Sony may have finally started to see some smartphone growth with Android. That's mainly because they have finally started making quality devices that don't happen to be that much behind the competitors, as they used to be in the past, and why they've never really made anyone excited about them. They are expecting to sell 50 million smartphones in 2014, which is a significant boost from last year's 34 million units.
Volumes of the 5-inch Full HD Xperia allocated for sale in Japan, France, Germany, Hong Kong and Taiwan were all fully booked on the first day when distributors began to take pre-sale orders in the markets, the sources revealed.
Sony Mobile aims to ship 50 million smartphones in fiscal 2013 compared to 34 million units shipped in the previous fiscal year, according to a company internal estimate.
The success of the Xperia Z, which is also attributed to launching earlier than the HTC One and Galaxy S4, will help them to launch new mid-end and l0w-end devices, where the profit per unit may not be so big, but it would help them ship many more units, and into new markets, which will help their brand become recognized by people who can't afford their high-end Xperia Z.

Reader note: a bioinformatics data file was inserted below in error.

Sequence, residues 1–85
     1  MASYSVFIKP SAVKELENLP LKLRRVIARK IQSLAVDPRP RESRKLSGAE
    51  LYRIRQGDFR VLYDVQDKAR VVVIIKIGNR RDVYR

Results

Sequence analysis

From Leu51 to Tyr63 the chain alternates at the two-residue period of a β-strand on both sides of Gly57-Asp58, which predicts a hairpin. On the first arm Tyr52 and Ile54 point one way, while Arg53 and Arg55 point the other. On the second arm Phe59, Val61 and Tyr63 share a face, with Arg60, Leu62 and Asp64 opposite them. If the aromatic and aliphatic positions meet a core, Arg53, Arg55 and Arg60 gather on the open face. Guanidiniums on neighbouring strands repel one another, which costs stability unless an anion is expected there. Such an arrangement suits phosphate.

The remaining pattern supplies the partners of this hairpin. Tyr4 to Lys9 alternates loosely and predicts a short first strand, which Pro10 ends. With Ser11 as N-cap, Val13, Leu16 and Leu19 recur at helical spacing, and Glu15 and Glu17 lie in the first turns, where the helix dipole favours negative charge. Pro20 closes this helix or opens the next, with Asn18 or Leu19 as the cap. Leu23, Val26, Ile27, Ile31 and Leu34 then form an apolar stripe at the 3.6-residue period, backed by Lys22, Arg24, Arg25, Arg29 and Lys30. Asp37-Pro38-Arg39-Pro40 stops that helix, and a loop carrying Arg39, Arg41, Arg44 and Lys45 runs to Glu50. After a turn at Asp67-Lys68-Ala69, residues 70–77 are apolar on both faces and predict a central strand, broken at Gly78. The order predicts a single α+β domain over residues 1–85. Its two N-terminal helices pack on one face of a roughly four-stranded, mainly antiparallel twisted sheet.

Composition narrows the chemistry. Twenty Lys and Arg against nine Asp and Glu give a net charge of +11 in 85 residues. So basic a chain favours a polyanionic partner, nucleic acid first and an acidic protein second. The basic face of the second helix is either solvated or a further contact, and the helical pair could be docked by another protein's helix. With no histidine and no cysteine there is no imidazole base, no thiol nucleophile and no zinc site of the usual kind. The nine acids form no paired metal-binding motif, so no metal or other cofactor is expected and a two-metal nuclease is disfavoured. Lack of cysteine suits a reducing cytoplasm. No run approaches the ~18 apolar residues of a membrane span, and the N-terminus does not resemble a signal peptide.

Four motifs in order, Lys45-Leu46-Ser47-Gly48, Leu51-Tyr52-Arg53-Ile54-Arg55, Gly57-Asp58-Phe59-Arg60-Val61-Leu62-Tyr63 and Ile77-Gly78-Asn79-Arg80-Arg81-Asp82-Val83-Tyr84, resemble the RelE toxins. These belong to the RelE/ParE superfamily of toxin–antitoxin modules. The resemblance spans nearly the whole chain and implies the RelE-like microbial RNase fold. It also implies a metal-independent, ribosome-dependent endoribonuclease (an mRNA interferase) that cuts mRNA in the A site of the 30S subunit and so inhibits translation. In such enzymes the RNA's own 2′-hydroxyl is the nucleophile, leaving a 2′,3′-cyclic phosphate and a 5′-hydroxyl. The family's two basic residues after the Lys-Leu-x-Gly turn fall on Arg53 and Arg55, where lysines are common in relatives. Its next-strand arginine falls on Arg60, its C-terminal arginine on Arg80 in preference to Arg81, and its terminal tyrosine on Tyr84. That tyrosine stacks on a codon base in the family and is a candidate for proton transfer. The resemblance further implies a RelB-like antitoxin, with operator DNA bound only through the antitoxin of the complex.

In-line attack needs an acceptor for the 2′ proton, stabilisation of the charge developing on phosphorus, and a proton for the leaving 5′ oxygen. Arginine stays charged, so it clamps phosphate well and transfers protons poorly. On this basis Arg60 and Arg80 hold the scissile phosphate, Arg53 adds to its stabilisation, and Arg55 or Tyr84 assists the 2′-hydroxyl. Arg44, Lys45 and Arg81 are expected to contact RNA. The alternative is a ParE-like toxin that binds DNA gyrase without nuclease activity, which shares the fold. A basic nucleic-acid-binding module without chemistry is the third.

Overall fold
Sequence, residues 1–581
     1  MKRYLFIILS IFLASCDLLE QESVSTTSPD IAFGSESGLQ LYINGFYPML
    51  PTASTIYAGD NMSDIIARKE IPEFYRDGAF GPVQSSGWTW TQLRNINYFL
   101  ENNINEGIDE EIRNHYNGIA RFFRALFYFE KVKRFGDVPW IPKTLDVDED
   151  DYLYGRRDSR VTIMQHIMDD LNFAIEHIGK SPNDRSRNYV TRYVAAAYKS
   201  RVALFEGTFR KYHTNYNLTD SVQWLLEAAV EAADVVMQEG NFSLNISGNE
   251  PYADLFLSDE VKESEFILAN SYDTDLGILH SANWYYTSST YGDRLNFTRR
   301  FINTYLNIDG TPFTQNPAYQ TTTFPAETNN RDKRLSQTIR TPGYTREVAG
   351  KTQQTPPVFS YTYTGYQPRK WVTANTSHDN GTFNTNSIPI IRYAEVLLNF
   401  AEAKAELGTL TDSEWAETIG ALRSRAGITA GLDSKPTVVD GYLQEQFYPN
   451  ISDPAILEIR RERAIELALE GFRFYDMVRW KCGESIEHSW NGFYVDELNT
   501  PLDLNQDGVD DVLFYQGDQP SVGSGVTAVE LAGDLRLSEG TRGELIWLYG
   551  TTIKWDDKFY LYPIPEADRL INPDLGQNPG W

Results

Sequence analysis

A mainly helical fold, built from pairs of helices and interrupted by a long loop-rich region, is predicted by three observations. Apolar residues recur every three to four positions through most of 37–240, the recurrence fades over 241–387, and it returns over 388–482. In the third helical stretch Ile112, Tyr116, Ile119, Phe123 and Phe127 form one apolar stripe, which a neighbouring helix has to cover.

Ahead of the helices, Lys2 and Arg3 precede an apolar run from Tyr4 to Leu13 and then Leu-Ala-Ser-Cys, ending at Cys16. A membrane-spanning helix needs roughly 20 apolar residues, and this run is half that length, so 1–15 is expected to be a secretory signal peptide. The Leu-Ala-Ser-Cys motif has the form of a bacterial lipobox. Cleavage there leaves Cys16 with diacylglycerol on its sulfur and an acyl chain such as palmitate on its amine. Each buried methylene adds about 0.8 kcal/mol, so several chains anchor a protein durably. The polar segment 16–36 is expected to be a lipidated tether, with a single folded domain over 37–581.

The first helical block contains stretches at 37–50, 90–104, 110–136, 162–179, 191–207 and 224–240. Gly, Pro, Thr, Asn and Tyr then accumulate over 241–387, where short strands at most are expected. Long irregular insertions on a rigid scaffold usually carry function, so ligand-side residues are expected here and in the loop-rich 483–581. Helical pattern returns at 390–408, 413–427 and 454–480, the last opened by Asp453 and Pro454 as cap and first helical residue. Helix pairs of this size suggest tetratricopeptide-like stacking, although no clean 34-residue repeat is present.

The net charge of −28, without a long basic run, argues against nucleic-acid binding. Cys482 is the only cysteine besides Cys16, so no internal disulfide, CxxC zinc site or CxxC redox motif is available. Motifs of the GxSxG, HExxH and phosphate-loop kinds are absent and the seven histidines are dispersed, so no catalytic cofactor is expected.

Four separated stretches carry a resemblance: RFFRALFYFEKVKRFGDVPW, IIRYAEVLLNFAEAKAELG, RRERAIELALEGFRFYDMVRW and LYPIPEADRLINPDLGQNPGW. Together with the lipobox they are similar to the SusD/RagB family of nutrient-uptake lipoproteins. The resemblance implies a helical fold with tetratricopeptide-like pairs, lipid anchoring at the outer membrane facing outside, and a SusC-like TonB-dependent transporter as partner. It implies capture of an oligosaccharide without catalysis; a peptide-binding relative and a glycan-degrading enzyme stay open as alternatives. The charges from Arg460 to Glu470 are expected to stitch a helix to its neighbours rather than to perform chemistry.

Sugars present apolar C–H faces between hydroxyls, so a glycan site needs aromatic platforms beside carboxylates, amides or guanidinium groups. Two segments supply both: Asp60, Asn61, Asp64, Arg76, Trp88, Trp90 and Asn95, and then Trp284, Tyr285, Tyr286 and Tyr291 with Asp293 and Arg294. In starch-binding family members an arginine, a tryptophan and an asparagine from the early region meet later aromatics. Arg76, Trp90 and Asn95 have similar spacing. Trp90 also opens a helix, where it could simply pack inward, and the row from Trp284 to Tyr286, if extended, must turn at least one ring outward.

But Ubuntu Touch could be perfect as an alternative to Android in that range. Ubuntu Touch is only going to ship on devices with at least a quad core Cortex A9 or S4 CPU, or a dual/quad core Cortex A15 CPU. It's not going to compete much against Firefox OS at the lowest end of the market. It should also be trivial for Sony and other OEM's to support it, because Ubuntu Touch will support most Android drivers out of the box. The only question is if Sony has enough money to take on a third OS, too, and they might not have enough right now, but if they build on the success of the Xperia Z, they might have in the near future.